Fortune favours the brave

Stepping outside a comfort zone is something a lot of individuals struggle with throughout their lives. If it’s truly out of one’s comfort zone, it is never easy. For introverts, there is nothing we dislike more than being pushed past our limits. For me, I have always enjoyed staying in for a quiet, relaxing evening, rather than going out all night. I’ve delighted in the familiarities of home, and never cared much for travelling too far. However, after going on an overseas holiday for a few weeks, something changed. I was bitten by the travel bug, and I realised there was so much more in the world to see and new journeys to go on. But travelling costs money, and so for a while I was stuck. I had work and study commitments. Then, an opportunity arose. image Read more

Learning to be a writer

While these suggestions apply more to people doing some kind of writing course, everyone needs to be able to write to make it to the end of their degree. Here are my top five tips for those who love (and perhaps a few that dislike) writing.

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Expectations: Parents VS Students

It’s not uncommon to hold different opinions to your parents, after all you are separated by a few decades, and the way they grew up is completely different to the way you’ve grown up. So it’s no wonder the thought of university has both sides divided on what it’s all about, and what kind of course is best for the student involved.

diagram of parents vs students

The best way to know what university has in store for students, is to come along to QUT’s Parent Information Seminar, to discover where your ideas might (surprisingly!) intersect. The event will be hosted at the Gardens Point campus, from 6pm until 7.30pm this Wednesday, (May 7).

Get ready to get in early!

Across many social media sites I have seen a ton of posts about people receiving university offers into a wide range of courses. If you are one of these people, congratulations, and welcome to QUT! Whether you’re fresh out of high school, someone who’s taken a gap year, or a mature aged student – the biggest piece of advice I can give my new fellow students is to get ready to get in early. Read more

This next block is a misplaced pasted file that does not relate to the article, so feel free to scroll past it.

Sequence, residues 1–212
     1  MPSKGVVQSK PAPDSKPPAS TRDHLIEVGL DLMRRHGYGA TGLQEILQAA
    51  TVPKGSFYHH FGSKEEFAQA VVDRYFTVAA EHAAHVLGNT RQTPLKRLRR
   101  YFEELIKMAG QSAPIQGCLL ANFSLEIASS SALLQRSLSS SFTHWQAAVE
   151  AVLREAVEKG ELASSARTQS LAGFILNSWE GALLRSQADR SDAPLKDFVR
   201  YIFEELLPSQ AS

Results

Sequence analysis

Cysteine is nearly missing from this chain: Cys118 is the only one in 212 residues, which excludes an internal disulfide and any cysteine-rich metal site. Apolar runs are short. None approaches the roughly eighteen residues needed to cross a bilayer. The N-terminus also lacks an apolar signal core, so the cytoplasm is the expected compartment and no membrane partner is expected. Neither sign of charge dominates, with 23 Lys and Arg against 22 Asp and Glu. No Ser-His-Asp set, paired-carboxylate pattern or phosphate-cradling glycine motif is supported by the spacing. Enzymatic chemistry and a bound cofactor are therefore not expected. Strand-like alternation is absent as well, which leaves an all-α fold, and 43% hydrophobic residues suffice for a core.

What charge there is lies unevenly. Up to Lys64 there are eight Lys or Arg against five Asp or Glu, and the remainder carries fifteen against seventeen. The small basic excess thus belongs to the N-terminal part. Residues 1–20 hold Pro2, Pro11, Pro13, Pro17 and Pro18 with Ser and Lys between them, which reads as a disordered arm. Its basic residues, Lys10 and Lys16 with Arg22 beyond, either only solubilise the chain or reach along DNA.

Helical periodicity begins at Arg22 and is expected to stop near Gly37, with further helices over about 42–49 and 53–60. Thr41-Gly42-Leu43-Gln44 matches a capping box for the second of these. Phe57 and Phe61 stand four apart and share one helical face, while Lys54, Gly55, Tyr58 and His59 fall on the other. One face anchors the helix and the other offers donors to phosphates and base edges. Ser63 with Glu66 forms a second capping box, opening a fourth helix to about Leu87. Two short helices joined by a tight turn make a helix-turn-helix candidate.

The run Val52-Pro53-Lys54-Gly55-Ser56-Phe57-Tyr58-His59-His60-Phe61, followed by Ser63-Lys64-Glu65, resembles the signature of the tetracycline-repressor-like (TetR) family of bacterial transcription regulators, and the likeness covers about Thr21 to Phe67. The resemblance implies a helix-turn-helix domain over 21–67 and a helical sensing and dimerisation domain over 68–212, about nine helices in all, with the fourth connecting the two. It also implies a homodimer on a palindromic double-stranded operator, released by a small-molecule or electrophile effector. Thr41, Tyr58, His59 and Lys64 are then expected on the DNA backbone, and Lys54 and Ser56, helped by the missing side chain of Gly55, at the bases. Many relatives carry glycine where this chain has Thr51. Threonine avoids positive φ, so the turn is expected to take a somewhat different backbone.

QTAC is a little like Maths

It’s a simple equation really: QTAC + students = stress, fear and worry. And be sure to double that stress, fear and worry if you add someone who’s indecisive into the equation…like I was when I was filling out QTAC. I’m indecisive enough when I’m filling out a simple survey, so when it came to choosing courses, saying I had difficulty was a big understatement. There’s the few students who know what they’ve wanted to do since they were 7, and that’s great for them. But then there’s students like me, who changed their mind every few months on what I wanted to do once I finished school.

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QCS < Everything else

For many grade 12 students the lead up to the QCS is equally painful as it is daunting. Why? Because everyone, especially teachers, make a big deal out of it. And yes, while it’s something not to be taken lightly, I think half the problem is the amount of unnecessary pressure and stress people put on the tests.

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That Post-Assessment Feeling

(noun.) the state of euphoria after completing all of one’s assessment for the semester

Exams are well and truly underway and for most students the stress is almost (if not) over. While I didn’t have any exams this semester (two small quizzes don’t count!) I did experience my fair share of stress that took on different forms, including the dreaded five assessment items in five days. But I’m a survivor, and now I’m on holidays. Cue: that post-assessment feeling.

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Hello (again!)

As a second year uni student I would like to warmly welcome/welcome back the students of 2013. It’s been forever since I’ve posted anything, and I would love to blame that on the assignments that are piling up, but let’s be honest, neither you nor I have started any of them. For my first post of 2013, I thought I’d share what second year has taught me so far:

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The various stages of preparing (to study) for an upcoming exam

1. The “Plenty of Time” Stage (also known as false security): This is when you first hear about the exam. 95% of the time students are given plenty of warning about its approach, and respond accordingly. “Wow, that’s ages away, why are they telling us about it now?” Chances are they’re telling you about the exam for a good reason. I generally find the earlier I’m told about an exam, the more time I should set aside for study.

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